Although not called as such, machines performing the role recognizable as artillery have been employed in warfare since antiquity. The first references in the western historical tradition begin at Syracuse in 399 BC and these devices were widely employed by the Roman Legions in Republican times well before the Christian era. Until the introduction of gunpowder into western warfare artillery depended upon mechanical energy to operate and this severely limited the kinetic energy of the projectiles while also requiring the construction of very large apparatus to store sufficient energy. For comparison, a Roman 1st BC century catapult using stones of 6.55 kg fired with a kinetic energy of 16,000 joules, while a mid-19th century 12 pound cannon firing projectiles of 4.1 kg fired the projectile with a kinetic energy of 240,000 joules.
For much of artillery's history during the Middle Ages and the Early modern period, artillery pieces on land were moved with the assistance of horse teams. During the more recent Modern era and in the Post-Modern period the artillery crew has used wheeled or tracked vehicles as a mode of transportation. Artillery used by naval forces has changed significantly also, with missiles replacing guns in surface warfare.
Over the course of military history, projectiles were manufactured from a wide variety of materials, made in a wide variety of shapes, and used different means of inflicting physical damage and casualties to defeat specific types of targets. The engineering designs of the means of delivery have likewise changed significantly over time, and have become some of the most complex technological application today.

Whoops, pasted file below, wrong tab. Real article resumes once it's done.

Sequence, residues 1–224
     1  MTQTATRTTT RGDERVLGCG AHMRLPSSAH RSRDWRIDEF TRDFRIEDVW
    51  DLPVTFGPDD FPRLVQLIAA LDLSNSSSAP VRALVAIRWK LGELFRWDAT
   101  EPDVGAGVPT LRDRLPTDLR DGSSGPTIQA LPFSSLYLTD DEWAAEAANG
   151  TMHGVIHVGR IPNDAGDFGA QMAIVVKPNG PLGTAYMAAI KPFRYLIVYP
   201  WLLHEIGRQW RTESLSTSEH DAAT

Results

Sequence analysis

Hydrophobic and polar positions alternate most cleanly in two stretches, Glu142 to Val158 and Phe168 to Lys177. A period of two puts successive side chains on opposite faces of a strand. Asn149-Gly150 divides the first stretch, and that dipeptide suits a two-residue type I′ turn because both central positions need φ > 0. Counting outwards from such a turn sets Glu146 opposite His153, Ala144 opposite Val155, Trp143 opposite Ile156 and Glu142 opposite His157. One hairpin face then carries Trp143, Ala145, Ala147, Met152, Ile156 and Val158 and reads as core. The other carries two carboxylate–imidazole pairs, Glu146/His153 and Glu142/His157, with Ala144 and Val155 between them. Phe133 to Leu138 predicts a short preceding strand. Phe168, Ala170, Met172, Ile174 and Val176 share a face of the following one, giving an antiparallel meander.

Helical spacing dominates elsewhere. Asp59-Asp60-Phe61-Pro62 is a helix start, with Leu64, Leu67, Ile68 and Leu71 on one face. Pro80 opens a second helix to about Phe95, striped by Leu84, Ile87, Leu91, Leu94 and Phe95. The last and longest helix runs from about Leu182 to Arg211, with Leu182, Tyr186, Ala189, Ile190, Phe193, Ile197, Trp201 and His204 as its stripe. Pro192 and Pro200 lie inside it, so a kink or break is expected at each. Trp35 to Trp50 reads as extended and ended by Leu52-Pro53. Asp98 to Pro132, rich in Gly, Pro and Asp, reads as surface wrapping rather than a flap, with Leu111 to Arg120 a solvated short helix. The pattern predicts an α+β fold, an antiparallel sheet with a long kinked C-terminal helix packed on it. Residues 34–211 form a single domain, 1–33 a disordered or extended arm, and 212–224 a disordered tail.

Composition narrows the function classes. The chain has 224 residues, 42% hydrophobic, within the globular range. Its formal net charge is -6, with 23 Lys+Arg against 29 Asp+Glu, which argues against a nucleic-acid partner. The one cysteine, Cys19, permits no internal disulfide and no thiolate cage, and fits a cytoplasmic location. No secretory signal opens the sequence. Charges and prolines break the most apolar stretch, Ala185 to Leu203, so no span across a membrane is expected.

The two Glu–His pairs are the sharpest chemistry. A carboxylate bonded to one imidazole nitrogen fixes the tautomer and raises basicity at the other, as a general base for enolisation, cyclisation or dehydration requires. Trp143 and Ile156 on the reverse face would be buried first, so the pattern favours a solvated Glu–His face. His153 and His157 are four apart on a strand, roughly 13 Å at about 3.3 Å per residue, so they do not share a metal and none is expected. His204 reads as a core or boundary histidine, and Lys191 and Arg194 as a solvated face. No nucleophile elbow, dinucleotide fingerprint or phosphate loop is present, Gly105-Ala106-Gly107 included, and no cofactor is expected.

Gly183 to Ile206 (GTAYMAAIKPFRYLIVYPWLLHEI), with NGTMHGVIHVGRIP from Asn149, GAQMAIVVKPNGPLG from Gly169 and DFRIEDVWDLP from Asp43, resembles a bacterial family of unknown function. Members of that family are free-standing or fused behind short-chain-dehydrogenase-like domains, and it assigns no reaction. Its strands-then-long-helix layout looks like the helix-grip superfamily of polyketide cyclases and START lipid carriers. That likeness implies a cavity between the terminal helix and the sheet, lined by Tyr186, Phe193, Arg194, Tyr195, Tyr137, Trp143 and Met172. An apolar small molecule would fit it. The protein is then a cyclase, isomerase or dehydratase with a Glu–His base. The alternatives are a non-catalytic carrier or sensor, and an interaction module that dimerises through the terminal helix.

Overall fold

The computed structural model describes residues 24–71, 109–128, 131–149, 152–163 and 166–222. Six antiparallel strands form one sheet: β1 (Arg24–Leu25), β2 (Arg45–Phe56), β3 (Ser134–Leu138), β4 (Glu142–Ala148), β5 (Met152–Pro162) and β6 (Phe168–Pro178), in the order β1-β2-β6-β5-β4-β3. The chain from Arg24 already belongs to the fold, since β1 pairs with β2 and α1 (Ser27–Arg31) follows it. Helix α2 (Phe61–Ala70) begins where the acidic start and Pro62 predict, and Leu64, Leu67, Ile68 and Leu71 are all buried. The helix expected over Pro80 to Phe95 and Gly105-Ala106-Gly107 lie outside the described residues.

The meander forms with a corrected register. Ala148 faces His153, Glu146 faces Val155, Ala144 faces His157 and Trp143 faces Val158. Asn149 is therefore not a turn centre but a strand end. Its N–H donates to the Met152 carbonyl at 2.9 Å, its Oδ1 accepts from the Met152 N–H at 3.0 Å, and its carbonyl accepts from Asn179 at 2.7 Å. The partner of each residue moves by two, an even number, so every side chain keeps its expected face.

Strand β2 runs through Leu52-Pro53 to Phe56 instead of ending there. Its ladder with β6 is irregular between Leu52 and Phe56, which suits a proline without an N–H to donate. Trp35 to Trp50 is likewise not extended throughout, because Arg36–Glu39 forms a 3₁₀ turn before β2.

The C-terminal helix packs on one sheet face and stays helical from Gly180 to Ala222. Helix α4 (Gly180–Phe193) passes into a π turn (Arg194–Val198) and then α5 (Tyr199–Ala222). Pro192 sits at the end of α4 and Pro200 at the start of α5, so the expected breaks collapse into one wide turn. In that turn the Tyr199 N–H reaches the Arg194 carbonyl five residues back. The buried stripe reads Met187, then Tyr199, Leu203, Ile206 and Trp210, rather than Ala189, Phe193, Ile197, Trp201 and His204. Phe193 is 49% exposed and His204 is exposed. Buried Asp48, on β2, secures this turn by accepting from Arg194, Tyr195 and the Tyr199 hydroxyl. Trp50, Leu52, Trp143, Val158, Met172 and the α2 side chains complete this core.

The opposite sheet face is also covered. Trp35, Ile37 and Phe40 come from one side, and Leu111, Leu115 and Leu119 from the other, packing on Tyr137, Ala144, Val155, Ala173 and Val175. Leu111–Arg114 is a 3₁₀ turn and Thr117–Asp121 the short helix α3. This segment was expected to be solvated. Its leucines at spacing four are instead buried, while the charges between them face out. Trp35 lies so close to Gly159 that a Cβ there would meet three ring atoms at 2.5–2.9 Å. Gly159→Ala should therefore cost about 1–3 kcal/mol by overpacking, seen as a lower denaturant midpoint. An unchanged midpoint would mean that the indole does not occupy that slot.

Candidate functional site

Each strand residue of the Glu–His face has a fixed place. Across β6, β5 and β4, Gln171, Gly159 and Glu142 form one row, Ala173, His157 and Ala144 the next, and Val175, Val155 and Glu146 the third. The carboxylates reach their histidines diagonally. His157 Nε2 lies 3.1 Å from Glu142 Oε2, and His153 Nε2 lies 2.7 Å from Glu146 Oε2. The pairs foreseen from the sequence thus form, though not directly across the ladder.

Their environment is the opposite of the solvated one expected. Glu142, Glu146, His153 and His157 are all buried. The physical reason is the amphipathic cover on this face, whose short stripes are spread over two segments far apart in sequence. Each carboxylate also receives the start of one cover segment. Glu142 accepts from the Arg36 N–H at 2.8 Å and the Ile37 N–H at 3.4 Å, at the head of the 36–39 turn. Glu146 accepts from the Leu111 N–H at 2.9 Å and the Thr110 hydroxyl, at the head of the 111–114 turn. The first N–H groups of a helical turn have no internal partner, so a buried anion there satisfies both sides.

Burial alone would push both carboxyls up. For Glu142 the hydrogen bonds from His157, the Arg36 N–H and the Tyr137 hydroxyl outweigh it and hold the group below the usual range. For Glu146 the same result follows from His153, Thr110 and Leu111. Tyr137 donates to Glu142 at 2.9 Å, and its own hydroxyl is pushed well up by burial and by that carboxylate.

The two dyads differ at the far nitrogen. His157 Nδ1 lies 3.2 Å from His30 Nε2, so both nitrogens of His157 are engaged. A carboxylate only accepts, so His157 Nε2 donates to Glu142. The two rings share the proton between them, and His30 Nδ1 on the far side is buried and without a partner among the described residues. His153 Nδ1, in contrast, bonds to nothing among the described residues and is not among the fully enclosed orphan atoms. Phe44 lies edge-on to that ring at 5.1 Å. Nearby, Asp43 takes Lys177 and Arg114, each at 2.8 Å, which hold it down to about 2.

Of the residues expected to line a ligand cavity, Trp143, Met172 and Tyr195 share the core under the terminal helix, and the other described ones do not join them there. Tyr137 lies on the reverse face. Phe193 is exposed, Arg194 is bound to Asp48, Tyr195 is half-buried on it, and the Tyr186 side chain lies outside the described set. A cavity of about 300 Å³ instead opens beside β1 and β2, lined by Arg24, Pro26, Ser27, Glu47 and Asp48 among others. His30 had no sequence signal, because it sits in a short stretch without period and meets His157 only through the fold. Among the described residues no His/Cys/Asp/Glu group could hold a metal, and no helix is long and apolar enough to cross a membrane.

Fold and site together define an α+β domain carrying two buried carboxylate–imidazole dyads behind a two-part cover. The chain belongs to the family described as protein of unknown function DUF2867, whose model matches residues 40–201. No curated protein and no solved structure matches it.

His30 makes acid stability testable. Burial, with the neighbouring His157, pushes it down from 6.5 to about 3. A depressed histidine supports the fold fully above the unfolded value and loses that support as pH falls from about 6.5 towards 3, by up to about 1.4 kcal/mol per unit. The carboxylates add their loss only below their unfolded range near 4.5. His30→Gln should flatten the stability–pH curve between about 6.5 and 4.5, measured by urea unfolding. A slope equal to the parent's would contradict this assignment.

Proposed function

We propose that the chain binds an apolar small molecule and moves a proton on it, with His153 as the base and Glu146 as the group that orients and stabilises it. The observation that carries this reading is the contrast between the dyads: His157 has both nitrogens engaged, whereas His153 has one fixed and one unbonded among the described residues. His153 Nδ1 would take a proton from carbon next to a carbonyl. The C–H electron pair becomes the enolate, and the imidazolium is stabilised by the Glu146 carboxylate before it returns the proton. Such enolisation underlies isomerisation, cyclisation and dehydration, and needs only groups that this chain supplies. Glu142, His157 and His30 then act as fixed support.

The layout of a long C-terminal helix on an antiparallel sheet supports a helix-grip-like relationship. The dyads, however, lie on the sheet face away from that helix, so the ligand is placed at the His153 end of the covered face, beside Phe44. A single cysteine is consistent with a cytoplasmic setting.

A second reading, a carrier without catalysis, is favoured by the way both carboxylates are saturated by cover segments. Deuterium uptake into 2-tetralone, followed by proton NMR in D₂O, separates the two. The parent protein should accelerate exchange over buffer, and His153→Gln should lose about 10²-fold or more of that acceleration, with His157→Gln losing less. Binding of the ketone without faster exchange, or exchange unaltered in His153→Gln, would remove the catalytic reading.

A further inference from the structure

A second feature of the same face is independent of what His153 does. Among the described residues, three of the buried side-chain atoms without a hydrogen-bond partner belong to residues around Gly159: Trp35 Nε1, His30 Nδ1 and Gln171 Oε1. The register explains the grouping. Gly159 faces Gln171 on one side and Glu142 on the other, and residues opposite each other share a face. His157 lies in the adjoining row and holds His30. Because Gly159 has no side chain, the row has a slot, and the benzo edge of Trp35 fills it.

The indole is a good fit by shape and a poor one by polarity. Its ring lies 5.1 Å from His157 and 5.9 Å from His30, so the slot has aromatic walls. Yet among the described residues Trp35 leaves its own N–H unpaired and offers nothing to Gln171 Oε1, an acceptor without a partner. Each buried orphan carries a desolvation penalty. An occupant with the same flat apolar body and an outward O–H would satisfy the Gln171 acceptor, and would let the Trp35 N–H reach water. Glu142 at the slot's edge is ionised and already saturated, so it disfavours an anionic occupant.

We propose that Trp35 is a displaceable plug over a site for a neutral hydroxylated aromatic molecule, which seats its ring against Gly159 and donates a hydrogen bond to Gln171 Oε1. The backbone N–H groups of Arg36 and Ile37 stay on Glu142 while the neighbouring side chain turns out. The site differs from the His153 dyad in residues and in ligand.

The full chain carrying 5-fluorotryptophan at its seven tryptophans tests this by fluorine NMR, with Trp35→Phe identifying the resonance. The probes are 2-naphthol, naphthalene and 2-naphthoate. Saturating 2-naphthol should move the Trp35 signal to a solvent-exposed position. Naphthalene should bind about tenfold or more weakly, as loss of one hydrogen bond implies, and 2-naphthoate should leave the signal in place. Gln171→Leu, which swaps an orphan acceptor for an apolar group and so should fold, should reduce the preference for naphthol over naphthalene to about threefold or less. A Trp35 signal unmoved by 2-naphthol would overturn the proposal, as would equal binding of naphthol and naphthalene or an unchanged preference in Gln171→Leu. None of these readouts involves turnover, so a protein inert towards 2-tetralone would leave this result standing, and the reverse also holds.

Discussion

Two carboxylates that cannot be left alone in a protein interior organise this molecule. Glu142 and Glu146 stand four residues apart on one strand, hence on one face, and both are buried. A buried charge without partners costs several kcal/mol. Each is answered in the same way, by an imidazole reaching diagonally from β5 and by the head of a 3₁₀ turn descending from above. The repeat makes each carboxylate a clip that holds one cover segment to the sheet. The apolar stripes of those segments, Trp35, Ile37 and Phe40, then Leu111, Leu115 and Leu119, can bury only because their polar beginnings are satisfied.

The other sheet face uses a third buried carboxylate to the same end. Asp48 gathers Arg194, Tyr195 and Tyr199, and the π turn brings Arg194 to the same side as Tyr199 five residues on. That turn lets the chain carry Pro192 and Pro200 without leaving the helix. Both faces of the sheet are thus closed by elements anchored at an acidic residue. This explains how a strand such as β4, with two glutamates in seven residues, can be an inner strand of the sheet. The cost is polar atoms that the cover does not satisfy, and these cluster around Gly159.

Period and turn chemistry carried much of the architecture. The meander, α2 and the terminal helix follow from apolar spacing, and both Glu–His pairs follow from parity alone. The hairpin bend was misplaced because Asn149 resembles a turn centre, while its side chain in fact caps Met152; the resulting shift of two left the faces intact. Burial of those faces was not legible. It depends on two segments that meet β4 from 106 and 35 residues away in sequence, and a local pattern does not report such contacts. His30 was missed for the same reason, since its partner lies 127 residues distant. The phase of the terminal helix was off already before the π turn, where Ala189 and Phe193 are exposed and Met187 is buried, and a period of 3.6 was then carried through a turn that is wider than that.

In some armies, the weapon of artillery is the projectile, not the piece that fires it. The process of delivering fire onto the target is called gunnery. The actions involved in operating the piece are collectively called "serving the gun" or "detachment" by the gun crew, constituting either direct or indirect artillery fire. The manner in which artillery units or formations are employed is called artillery support, and may at different periods in history refer to weapons designed to be fired from ground, sea, and even air-based weapons platforms.
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... The field-artillery limber assumed its archetypal form – two wheels, an ammunition chest, a pintle hook at the rear, and a central pole with horses harnessed on either side ... The artillery piece had an iron ring (lunette) at the end of the trail ... To move the piece, the lunette was dropped over the pintle hook (which resembles a modern trailer hitch) ...
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